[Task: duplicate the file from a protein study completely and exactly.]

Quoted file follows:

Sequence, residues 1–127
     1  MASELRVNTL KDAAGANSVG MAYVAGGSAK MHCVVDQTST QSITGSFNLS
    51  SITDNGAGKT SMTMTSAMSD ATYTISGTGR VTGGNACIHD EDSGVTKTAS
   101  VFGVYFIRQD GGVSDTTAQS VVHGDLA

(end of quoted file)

Sequence, residues 1–127
     1  MASELRVNTL KDAAGANSVG MAYVAGGSAK MHCVVDQTST QSITGSFNLS
    51  SITDNGAGKT SMTMTSAMSD ATYTISGTGR VTGGNACIHD EDSGVTKTAS
   101  VFGVYFIRQD GGVSDTTAQS VVHGDLA